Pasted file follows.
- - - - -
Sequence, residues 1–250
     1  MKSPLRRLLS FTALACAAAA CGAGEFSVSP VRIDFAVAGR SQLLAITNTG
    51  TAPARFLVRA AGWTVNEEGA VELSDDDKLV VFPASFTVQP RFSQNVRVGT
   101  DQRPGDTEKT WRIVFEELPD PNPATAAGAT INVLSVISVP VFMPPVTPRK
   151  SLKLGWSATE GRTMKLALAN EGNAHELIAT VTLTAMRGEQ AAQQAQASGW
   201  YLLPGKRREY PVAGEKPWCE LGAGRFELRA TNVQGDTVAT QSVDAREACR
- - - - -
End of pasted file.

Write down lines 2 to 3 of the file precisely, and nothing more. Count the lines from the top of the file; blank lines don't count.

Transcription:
     1  MKSPLRRLLS FTALACAAAA CGAGEFSVSP VRIDFAVAGR SQLLAITNTG
    51  TAPARFLVRA AGWTVNEEGA VELSDDDKLV VFPASFTVQP RFSQNVRVGT